“So unfortunately, there’s not a lot of large portfolios to acquire,” Hiniger said according to an edited transcript of the call posted online. “But the ones we are finding, we are finding very attractive and very accretive even though they are small dollar amounts and show our efforts to try to consolidate and acquire as many as we can at the attractive prices.”

During the first quarter of 2017, Hiniger said CoreCivic acquired two reentry facilities for $7 million — an 835 bed facility in Colorado and a 100 bed facility in California. The company was pursuing the purchase of other facilities ranging in value from $5 million to $50 million as well, according to the conference call transcript.

During the Feb. 9 call, company officials also said CoreCivic was in talks with the Oklahoma Department of Corrections about leasing CoreCivic’s vacant Diamondback Correctional Facility in Watonga in a potential deal similar to the one the state has for lease of the North Fork Correctional Facility. The state has a 5-year $37.5 million agreement with CoreCivic to lease the North Fork facility, and CoreCivic is now seeking similar agreements in other states.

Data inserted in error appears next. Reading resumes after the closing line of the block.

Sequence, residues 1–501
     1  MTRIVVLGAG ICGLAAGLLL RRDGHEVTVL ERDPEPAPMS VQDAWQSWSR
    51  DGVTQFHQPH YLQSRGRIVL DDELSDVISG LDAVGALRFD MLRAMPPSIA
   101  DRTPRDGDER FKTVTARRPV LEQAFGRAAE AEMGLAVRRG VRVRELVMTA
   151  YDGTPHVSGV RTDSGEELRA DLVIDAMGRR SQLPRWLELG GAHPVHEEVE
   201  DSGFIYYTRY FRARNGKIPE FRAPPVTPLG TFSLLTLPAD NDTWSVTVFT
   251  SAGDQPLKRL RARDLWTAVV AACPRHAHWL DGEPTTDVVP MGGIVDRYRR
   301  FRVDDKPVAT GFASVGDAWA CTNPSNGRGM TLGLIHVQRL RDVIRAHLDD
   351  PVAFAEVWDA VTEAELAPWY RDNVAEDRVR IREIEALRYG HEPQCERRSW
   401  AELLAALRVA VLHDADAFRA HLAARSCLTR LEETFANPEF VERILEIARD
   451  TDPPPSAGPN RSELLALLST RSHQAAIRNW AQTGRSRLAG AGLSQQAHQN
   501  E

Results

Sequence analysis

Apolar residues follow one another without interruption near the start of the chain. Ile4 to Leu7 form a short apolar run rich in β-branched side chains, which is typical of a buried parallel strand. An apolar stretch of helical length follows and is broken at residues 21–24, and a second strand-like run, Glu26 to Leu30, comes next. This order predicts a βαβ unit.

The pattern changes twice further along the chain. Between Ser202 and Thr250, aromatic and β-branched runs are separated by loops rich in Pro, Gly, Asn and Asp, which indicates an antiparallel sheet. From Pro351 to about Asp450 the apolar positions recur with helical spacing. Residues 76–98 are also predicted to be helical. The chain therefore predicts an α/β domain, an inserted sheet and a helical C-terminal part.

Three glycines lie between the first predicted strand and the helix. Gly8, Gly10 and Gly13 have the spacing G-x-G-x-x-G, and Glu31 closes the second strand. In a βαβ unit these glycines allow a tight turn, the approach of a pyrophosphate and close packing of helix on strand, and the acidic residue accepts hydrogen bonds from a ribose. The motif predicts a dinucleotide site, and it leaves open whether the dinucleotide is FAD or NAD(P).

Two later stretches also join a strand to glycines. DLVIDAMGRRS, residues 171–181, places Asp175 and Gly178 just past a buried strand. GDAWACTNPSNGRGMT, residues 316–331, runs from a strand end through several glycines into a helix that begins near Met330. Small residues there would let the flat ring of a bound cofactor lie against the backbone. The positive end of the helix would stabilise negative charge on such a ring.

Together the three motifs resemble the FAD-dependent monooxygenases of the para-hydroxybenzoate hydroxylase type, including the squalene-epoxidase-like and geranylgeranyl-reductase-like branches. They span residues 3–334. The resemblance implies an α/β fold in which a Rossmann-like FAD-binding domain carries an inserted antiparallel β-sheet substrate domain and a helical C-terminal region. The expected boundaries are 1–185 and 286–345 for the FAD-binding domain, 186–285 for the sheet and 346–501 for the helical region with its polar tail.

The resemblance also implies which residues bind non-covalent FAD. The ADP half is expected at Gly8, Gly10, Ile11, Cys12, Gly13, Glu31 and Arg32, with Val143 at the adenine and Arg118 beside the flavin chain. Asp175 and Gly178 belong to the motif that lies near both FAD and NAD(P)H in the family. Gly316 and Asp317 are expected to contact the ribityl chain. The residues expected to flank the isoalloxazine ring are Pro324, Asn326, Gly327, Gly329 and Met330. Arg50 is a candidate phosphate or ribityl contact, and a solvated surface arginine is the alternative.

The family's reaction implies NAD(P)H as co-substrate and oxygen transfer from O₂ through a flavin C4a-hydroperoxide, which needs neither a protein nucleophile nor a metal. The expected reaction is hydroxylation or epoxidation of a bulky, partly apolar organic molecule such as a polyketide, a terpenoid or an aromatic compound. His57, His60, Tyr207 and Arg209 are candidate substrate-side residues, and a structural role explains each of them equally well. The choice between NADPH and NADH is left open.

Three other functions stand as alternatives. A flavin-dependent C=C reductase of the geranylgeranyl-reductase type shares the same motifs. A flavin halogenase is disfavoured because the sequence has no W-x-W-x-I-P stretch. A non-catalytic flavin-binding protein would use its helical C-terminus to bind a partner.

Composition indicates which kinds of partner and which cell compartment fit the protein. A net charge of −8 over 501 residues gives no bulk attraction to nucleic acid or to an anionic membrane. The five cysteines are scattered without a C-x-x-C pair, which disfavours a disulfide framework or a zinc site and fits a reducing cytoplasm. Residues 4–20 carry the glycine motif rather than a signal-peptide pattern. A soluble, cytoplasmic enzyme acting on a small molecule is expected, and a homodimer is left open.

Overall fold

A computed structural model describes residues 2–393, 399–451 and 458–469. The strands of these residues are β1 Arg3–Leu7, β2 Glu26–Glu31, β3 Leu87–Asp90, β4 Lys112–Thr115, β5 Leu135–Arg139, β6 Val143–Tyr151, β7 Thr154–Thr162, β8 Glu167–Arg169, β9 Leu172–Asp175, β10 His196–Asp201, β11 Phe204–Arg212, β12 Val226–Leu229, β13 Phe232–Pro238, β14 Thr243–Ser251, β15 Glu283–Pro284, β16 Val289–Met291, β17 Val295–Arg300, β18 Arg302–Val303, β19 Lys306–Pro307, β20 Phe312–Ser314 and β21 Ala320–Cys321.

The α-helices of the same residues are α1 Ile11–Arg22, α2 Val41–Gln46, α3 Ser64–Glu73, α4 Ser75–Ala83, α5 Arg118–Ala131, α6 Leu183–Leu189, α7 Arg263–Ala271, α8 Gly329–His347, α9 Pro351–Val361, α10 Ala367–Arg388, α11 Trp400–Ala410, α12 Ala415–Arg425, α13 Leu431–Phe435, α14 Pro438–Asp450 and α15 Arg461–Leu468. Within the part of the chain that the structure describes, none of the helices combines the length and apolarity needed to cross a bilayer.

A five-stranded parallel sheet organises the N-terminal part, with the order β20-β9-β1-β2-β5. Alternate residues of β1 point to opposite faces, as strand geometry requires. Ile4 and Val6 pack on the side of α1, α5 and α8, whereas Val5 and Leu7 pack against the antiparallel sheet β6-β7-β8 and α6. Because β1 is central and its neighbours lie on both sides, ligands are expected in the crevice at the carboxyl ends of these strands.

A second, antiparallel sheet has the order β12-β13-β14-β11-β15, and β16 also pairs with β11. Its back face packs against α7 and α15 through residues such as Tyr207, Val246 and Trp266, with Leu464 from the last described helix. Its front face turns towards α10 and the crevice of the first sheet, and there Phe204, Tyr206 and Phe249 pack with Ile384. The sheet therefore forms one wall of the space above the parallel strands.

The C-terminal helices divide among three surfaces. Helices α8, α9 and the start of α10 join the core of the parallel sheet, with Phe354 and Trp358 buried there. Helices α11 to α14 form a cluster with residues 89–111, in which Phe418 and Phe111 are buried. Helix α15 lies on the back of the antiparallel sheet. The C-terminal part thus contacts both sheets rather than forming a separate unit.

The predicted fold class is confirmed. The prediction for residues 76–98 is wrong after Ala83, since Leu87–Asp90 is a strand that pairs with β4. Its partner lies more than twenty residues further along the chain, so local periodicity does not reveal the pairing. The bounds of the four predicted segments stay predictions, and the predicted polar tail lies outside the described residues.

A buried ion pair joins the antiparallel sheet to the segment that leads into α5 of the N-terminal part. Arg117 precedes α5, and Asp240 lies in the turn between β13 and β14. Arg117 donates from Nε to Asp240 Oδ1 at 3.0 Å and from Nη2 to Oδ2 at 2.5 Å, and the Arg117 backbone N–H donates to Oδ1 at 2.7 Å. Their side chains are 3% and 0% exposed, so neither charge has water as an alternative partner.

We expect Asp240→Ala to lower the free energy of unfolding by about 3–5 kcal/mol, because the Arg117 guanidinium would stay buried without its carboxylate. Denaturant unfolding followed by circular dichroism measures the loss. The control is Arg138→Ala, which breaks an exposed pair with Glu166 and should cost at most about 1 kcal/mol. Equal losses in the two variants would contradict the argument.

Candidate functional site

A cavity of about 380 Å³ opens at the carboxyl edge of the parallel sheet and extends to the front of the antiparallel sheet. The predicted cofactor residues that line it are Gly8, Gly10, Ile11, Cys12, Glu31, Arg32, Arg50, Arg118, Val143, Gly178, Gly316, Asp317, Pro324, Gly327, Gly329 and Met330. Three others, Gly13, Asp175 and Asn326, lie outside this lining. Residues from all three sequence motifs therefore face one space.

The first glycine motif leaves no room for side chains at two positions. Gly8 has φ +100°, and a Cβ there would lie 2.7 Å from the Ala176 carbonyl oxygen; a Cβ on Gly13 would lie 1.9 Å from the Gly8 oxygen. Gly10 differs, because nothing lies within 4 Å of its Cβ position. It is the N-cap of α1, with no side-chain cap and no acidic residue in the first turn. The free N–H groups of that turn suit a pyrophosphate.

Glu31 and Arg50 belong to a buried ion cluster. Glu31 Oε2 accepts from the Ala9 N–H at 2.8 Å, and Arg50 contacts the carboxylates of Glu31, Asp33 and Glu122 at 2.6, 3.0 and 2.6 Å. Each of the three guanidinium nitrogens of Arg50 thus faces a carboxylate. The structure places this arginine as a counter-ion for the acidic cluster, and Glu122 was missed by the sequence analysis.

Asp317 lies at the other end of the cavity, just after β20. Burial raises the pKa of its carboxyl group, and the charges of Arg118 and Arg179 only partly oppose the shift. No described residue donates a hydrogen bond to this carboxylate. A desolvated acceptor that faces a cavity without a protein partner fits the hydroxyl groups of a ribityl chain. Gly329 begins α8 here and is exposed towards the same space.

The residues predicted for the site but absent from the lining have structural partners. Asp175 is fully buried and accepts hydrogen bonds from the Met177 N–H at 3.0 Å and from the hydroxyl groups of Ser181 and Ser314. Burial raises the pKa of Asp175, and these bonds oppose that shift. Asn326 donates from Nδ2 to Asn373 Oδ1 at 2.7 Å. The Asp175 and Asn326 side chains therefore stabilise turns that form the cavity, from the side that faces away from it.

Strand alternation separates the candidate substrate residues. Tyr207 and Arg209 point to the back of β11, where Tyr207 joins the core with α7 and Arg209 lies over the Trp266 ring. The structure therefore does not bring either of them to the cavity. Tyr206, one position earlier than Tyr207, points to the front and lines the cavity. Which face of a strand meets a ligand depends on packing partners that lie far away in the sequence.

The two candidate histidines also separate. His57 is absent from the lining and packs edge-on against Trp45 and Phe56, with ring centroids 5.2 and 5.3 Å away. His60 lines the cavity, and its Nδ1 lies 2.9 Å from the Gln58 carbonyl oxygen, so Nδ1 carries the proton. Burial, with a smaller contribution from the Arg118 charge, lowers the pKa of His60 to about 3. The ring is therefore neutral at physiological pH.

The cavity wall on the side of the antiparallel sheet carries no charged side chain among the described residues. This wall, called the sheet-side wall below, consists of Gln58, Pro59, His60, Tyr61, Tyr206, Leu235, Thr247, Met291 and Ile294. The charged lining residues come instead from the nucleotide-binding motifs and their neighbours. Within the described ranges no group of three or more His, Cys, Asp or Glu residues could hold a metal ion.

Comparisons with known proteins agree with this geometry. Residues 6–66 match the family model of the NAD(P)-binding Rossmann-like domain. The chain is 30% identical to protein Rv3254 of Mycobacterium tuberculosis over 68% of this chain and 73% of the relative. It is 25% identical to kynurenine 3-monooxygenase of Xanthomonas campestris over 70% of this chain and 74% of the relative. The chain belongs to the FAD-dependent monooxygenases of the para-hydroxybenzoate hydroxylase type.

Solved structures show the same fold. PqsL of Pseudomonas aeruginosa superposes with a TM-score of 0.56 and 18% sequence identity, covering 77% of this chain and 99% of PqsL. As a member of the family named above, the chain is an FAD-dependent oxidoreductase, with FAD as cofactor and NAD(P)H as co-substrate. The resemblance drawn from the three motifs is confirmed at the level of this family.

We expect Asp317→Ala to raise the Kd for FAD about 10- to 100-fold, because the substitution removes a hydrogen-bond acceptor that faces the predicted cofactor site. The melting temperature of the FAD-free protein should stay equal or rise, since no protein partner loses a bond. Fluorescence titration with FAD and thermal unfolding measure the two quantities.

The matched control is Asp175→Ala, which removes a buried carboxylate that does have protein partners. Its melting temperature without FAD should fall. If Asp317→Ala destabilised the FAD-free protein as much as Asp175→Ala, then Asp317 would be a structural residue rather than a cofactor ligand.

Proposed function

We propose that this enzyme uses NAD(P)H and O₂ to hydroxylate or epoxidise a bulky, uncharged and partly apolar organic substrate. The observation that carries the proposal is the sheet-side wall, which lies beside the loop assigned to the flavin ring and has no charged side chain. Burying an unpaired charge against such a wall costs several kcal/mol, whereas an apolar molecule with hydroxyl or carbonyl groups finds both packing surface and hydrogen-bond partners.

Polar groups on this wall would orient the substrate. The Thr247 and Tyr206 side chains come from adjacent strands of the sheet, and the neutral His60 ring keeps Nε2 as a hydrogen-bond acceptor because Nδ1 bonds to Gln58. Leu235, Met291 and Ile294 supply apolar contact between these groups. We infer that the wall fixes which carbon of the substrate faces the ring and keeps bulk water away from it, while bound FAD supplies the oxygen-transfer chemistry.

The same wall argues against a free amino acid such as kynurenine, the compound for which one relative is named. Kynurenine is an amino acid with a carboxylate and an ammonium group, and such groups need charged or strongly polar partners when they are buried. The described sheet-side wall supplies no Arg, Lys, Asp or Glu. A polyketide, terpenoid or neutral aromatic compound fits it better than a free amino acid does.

In the most recent conference call, Hiniger updated investors on where the negotiations stood, saying that CoreCivic continues “to hear great interest from the State of Oklahoma” about possibly leasing the Diamondback facility.

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Clifton Adcock

Senior Staff Writer

A veteran investigative reporter who has covered eastern Oklahoma for more than 15 years, Clifton joined The Frontier in April 2017. A native of southeastern Oklahoma, he has covered numerous issues from criminal justice to politics for publications including the Tulsa World, the Oklahoma Gazette, and Oklahoma Watch. Clifton holds a master’s degree in journalism from the University of Oklahoma. Clifton can be reached at clifton@readfrontier.com. Follow him on Twitter @cliftonhowze